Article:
Damascus used to be famous for its swords: but now the principal things made there, are stuffs embroidered with silver, and boxes of curious woods, as well as red and yellow slippers. The Syrians always wear yellow slippers, and when they walk out they put on red slippers over the yellow. If you want to buy any of the curious works of Damascus, you must go to the bazaars in the middle of the town; there the sellers sit as in a market-place, and display their goods.
SCHOOLS.—It is not the custom in Syria for girls to learn to read. But a few years ago, a good Syrian, named Assaad, opened a school for little girls as well as for boys.
It was easy to get the little boys to come; but the mothers did not like to send their little girls. They laughed, and said, “Who ever heard of a girl going to school? Girls need not learn to read.” The first girl who attended Assaad’s school was named Angoul, which means “Angel.” Where is the child that deserves such a name? Nowhere; for there is none righteous, no, not one. Angoul belonged not to Mahomedan parents, but to those called Christians; yet the Christians in Syria are almost as ignorant as heathens.
Angoul had been taught to spin silk; for her father had a garden of mulberry-trees, and a quantity of silk worms. She was of so much use in spinning, that her mother did not like to spare her: but the little maid promised, that if she might go to school, she would spin faster than ever when she came home. How happy she was when she obtained leave to go! See her when the sun has just risen, about six o’clock, tripping to school. She is twelve years old. Her eyes are dark, but her hair is light. Angoul has not been scorched by the sun, like many Syrian girls, because she has sat in-doors at her wheel during the heat of the day. She is dressed in a loose red gown, and a scarlet cap with a yellow handkerchief twisted round it like a turban.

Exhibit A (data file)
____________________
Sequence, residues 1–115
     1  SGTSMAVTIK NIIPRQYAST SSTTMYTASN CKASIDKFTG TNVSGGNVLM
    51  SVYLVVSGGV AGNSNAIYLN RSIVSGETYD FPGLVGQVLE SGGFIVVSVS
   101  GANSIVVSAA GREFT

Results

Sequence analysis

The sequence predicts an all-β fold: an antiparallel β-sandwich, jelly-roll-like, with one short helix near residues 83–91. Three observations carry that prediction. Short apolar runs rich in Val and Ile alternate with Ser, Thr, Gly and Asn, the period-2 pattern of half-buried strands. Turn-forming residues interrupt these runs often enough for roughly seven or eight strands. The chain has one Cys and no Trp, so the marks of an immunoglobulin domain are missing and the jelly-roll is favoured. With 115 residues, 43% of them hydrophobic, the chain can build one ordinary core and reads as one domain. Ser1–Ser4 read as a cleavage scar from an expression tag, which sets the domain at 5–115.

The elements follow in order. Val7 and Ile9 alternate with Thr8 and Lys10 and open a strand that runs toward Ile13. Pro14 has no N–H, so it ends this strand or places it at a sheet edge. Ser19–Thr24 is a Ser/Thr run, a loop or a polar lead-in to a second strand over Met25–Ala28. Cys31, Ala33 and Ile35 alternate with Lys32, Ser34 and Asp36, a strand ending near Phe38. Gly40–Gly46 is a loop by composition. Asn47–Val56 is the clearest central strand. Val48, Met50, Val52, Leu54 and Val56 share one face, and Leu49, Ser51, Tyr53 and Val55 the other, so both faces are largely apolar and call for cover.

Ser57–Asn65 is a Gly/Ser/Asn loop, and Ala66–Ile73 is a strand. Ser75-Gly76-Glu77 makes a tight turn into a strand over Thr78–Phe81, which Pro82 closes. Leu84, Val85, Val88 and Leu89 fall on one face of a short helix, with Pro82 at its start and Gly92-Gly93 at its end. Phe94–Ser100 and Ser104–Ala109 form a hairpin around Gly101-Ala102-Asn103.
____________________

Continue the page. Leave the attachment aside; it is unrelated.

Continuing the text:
At school Angoul is very attentive, both while she is reading in her Testament, and while she is writing on her tin slate with a reed dipped in ink. She returns home at noon through the burning sun, and comes to school again to stay till five. Then it is cool and pleasant, and Angoul spins by her mother’s side in the lovely garden of fruit-trees before the house. Has she not learned to sing many a sweet verse about the garden above, and the heavenly husbandman? As she watches the budding vine, she can think now of Him who said, “I am the true vine.” As she sits beneath the olive-tree, she can call to mind the words, “I am like a green olive-tree in the house of my God.” Angoul is growing like an angel, if she takes delight in meditating on the word of God.
 Extracted chiefly from
the Rev. George Fisk’s “Pastor’s
Memorial,” and Kinnear’s Travels.
This is the land in which the Israelites wandered for forty years. You have heard what a dry, dreary, desert place the wilderness was. There is still a wilderness in Arabia; and there are still wanderers in it; not Israelites, but Arabs. These men live in tents, and go from place to place with their large flocks of sheep and goats. But there are other Arabs who live in towns, as we do.